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Preparing for Century

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Old 06-28-09, 10:36 PM
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Mark Turner
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Preparing for Century

It's been a long time since I rode 100 miles in a day, but I'm thinking I may want to do it again. I seem to remember reading here somewhere that if you ride 100 miles in a week then doing it in a day will be OK. The last time was in the '70s and we just took off and rode for the day without any special prep.

I'll make sure my bike is in good shape, carry (and consume) plenty of food and water, and pace myself. This will probably be a self-supported solo ride as I can't see paying money to ride in a crowd. The route I'm looking at will be similar to Tour de Whatcom, but definitely not on the event day.

What am I missing in being ready? I've ridden about 1500 miles so far this year, longest ride 55 miles.
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Old 06-29-09, 06:09 AM
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Put a couple of metric centuries under your belt. That will help.
Also - if you can find someone to go with you it will help break the monotony of 7 hours on the bike.
You can sometimes find a bike club sponsored century on the $20 - $30 dollar range; you may find the companionship and safety in numbers worth it.
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Old 06-29-09, 08:44 AM
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Like cyclinfool says-its nice to have a bit of company during a long day in the saddle.
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Old 07-02-09, 10:39 PM
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Company while riding really doesn't matter much to me. I'm quite comfortable spending long periods of time by myself. I've done week-long solo backpack trips. No road ride takes you away from people so far that someone won't happen along in the unlikely event of a crash. I'll take the advice to do a couple of metric centuries as part of the buildup. Toyed with making today's loop 60+ miles, but decided 45 was enough. I didn't have enough food with me to fuel the extra miles.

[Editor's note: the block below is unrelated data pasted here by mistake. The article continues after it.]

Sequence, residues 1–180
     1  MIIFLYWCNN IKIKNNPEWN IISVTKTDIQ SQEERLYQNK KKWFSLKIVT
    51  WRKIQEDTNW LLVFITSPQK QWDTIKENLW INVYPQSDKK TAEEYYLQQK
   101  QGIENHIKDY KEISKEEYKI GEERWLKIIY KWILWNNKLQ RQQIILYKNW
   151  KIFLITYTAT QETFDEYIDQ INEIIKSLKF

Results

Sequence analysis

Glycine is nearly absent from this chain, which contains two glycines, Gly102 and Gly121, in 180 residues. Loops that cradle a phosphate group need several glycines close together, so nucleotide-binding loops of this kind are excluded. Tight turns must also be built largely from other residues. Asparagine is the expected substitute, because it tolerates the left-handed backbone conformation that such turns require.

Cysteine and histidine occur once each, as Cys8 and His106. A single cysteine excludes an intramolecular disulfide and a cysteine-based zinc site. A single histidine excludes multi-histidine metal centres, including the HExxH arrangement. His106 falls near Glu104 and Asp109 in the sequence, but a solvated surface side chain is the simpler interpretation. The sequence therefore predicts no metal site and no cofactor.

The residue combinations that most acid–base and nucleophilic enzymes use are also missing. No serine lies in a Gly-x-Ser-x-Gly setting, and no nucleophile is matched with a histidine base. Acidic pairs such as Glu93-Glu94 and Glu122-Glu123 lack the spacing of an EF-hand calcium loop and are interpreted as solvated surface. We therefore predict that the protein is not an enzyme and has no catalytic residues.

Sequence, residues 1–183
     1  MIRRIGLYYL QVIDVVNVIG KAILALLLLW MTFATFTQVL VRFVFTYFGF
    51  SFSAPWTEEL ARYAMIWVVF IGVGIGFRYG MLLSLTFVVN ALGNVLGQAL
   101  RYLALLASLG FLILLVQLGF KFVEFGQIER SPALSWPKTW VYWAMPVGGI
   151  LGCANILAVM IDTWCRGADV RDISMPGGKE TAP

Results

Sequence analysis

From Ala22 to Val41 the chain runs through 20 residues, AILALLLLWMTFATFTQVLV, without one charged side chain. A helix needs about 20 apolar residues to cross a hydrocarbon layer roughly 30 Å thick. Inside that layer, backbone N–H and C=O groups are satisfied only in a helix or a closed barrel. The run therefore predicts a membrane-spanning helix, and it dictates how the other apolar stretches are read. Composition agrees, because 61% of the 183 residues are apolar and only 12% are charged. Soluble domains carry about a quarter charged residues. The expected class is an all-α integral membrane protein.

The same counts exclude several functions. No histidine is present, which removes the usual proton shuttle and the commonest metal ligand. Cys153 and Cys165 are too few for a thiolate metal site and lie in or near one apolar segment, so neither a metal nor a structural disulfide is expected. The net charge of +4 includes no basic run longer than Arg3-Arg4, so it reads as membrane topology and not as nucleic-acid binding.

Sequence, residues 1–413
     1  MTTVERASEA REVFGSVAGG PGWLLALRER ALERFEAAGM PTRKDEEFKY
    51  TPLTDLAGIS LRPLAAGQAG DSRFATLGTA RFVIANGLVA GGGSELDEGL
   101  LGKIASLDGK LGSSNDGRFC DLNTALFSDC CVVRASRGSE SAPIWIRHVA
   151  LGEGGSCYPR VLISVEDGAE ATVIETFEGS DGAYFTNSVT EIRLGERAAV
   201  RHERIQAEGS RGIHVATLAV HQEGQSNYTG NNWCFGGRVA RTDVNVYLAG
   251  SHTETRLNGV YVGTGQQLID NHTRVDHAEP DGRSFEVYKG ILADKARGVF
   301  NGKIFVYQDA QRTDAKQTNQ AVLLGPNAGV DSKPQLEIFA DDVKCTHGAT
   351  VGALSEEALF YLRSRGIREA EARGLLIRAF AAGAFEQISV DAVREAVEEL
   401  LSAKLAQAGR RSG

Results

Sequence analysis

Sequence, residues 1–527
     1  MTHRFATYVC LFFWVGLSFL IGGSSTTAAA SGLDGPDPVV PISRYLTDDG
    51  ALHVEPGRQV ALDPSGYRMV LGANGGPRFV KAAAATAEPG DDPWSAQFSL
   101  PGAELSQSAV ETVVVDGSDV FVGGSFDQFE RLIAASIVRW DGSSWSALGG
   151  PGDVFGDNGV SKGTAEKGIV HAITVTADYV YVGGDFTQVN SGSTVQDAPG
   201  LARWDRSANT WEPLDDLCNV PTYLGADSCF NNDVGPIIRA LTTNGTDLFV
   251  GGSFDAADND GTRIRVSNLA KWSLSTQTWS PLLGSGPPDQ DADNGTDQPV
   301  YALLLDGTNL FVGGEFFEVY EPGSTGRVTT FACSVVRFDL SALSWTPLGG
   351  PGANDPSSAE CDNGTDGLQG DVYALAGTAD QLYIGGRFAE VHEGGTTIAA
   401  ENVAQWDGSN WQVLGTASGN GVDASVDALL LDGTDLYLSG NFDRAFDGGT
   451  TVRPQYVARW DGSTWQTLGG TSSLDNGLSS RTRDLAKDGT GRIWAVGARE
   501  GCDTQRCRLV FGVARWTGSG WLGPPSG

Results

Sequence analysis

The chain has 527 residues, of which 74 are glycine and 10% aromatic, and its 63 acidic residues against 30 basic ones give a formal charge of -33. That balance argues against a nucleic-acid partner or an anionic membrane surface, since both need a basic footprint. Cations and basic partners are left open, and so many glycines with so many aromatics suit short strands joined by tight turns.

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Old 07-03-09, 08:20 AM
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What used to stop me from riding centuries was the inability to sit-the-saddle for more than 60 to 65 miles. Once I overcame that obsticle the rest was a piece of cake.

One day when you're feeling strong during a ride, just go for it. It's really not that big of a deal to ride that far, in my opinion. The challange comes in trying to complete the distance within specific times or maintaining specific avg. speeds.

Enjoy the ride.
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Old 07-03-09, 08:31 AM
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Saddle time can be markedly different when you pass thresholds that your body isn't used to. So, I'd shoot for a ride that is at least 3/4 of the time you think your century ride will take. Note, I'm using time as the denominator here, not miles. Your planned metric centuries will give you the mileage base.
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Old 07-03-09, 11:21 AM
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Originally Posted by cranky old dude View Post
What used to stop me from riding centuries was the inability to sit-the-saddle for more than 60 to 65 miles. Once I overcame that obsticle the rest was a piece of cake.

One day when you're feeling strong during a ride, just go for it. It's really not that big of a deal to ride that far, in my opinion. The challange comes in trying to complete the distance within specific times or maintaining specific avg. speeds.

Enjoy the ride.
+1
A century done at a slow pace with lots of rests is quite easy - but it can take all day.
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Old 07-03-09, 03:26 PM
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3 problems with distance riding-

The Butt. You may be capable of riding 2 hours non-stop with no pain at all. It might work for 4 hours or even a whole century ride- but if butt pain does arrive- the ride will be miserable.

I reckon that if you can get the butt up to a 4 hour non-stop ride- then it will be OK.

The 4 hour non-stop will also give you and idea to the next problem of

Pace on the ride. depends on the route and how hilly but I do a 40 mile ride on a flat course but with lots of slowing for bends.(Lots of 90deg bends) If I can do that ride at 16mph- then I am up to speed for a century ride. I can and have kept 16mph for a metric century and no problem. But to do that extra milage up to 100 miles is not possible for me. So I aim for 14mph. That puts me at around 7 hours for the 100 miles. Work out your speed over a good distance and aim for lower. And if that is too high- slow down.

And finally

You are entering new territory. Especially as you plan to do it on your own. Be prepared to cut the ride if necessary and do it some other time.

Other things like drink a lot- eat a little but often also come into it but if you are doing around 60 miles in 4 hours non-stop- Then you will probably have this about right. Just watch out for the 70 mile mark if you don't get it right.
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